BIOLOGY 2060: INTRODUCTORY ECOLOGY
Ecology is the study of the interrelationships of organisms and their environments. The broad subject of ecology focuses upon the interactions of plants and animals, including humans, with each other and with their non-living world. Three levels of ecology are studied: (1) Individuals, (2) Populations, (3) Communities and Ecosystems. Assignments and tutorials enlarge upon concepts presented in lectures. Students are instructed in elementary computer techniques and use the computer for most assignments. This class provides an overview of the science of ecology for the informed citizen, and also a good foundation for further work in ecology, marine biology and environmental studies.
Boris teaches the second half of this 2nd year class (Part II: Communities and Ecosystems) annually in the Winter Term
BIOLOGY 3065: CONSERVATION BIOLOGY
This class offers an introduction to conservation biology, the science of understanding and conserving biodiversity on Earth. Scientists recognize that humans are affecting biodiversity, and that the consequences are deleterious to species, ecosystems, and ultimately our society. This class has two goals: (1) to learn how patterns and changes in biodiversity are quantified and tracked over time and space, and (2) to learn about methods and tools used to prevent the extinction of species and the disruption of habitats and ecosystems. Examples will come from terrestrial, freshwater, and marine ecosystems. Tutorials involve student presentations on key papers in conservation biology as well as a written essay. Both ecological principles and the management implications of conservation biology will be discussed in detail.
This is Boris' core class, it is a 3rd - 4th year course and is taught annually in the Winter Term.
STANFORD@SEA 2007 and 2009: GUEST PROFESSOR
Boris helped teach this Stanford University marine biology and oceanography class aboard the sailing research vessel SSV Robert C. Seamans in 2007 and 2009.
2005-2006 - Joshua Brading
Title: 'Behavioral and environmental conditions associated with shark attacks on humans' - Download thesis
2005-2006 - Daniel Boyce
Title: 'Effects of water temperature on the global distribution of tuna and billfish' - Download thesis
2007-2008 - Rachel Chudnow
Title: 'Are jellyfish populations increasing worldwide (and why)?' - Download thesis
2011-2012 - Lisa Kettemer
Title: 'Global Estimate of Shark Mortality Induced by Longline Fisheries' - Download thesis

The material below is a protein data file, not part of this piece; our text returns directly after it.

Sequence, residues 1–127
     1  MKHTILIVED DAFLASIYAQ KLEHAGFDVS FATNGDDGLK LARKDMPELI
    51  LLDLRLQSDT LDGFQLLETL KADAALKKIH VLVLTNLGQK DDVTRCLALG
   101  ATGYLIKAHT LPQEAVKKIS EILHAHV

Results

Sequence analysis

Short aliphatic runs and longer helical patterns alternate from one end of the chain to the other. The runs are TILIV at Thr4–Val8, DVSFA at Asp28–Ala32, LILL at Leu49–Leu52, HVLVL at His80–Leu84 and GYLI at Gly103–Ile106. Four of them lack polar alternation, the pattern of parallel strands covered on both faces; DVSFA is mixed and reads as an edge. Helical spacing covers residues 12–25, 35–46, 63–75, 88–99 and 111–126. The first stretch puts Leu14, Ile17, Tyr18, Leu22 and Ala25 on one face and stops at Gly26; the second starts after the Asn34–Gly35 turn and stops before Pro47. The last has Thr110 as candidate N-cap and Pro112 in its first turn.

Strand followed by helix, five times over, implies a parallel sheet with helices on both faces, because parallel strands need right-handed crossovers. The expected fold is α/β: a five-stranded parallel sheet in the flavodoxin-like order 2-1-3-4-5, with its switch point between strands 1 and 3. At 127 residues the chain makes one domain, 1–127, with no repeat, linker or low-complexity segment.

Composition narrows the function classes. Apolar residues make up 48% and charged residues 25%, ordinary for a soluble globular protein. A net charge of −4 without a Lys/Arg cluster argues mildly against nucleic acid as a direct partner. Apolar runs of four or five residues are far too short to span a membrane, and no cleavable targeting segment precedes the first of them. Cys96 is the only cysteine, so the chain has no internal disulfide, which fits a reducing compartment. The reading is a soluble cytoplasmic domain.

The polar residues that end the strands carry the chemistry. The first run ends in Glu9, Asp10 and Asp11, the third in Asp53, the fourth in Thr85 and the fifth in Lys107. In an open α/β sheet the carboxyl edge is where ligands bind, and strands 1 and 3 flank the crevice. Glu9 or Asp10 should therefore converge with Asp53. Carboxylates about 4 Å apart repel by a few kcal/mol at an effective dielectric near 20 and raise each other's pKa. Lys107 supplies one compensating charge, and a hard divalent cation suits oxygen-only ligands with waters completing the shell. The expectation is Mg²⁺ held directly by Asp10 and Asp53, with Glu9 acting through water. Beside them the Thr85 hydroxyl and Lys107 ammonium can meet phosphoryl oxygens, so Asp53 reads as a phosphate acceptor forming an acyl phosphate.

2011-2012 - Sonia Jind
Title: 'A comparison of two underwater visual sampling techniques used to estimate tropical reef fish communities' - Download thesis
2003-2007 - Anneli Ehlers, (Ph.D., Kiel University)
Title: 'The role of genotype diversity within seagrass populations of the Baltic Sea'. Graduated in July 2007.
2003-2008 - Nicole Langhanki, (Ph.D., Kiel University)
Title: 'The impact of grazer diversity on recruitment processes'. To graduate in December 2008.
2004-2007 - Derek Tittensor, (Ph.D., Dalhousie University)
Title: 'Macroecology of exploited marine systems: human impacts and the effects of scale'. Graduated in November 2007. This thesis won the 2008 Dalhousie University Doctoral Thesis Award in the Natural and Medical Sciences and Engineering
2004-2009 - Coilin Minto, (Ph.D., Dalhousie University)
Title: Variance and measurement error in fisheries ecology: a meta-analytical approach.
2005-2009 - Stephanie Boudreau, (Ph.D., Dalhousie University)
Title: 'Explaining variation in American lobster (Homarus americanus) distribution and abundance'.
2007-2009 - Daniel Ricard, (Ph.D., Dalhousie University)
Title: 'Evaluation of the population consequences of large-scale fisheries closures'.
2008-2009 - Aurelie Cosandey-Godin, (Master of Marine Management, Dalhousie University)
Title: 'Keeping the lead: How to strenghthen shark conservation and management policies in Canada'.
2010-2011 - Brendal Davis, (Master of Marine Management, Dalhousie University)
Title: 'The International Plan of Action for Sharks: How does national implementation measure up?'.
2011-2012 - Hilary Goodwin, (Master of Marine Management, Dalhousie University)
Title: 'Skate and Ray Management in the Northwest Atlantic: An overview of current management and recommendations for conservation'.
2007-2013 - Daniel Boyce, (Ph.D., Dalhousie University)
Title: 'Trophic impacts of large predatory fish declines in open ocean ecosystems'.
2012-2014 - Greg Britten, (M.Sc., Dalhousie University)
Title: 'Time-varying population dynamics of marine fish stocks'.
2010-2015 - Aurelie Cosandey-Godin, (Ph.D., Dalhousie University)
Title: 'Elasmobranch bycatch in the Canadian Atlantic: Composition, biogeography, and mitigation'.
2008 - Co-supervising Rowan Trebilco, a visiting Rhodes Scholar and M.Sc. student from Oxford University, GB.
2006 - Graduate Module 'Marine Conservation', Dalhousie University
2007 - Graduate Module 'Fisheries Management', Dalhousie University
Since 2007 - Monthly graduate student discussion meetings (with H. Lotze, Biology Department, and J. Mills-Flemming, C. Field, both Department of Mathematics and Statistics)
Since 2007 - Distributed Graduated Seminar 'Finding common ground in fisheries and conservation' (with R. Hilborn, University of Washington)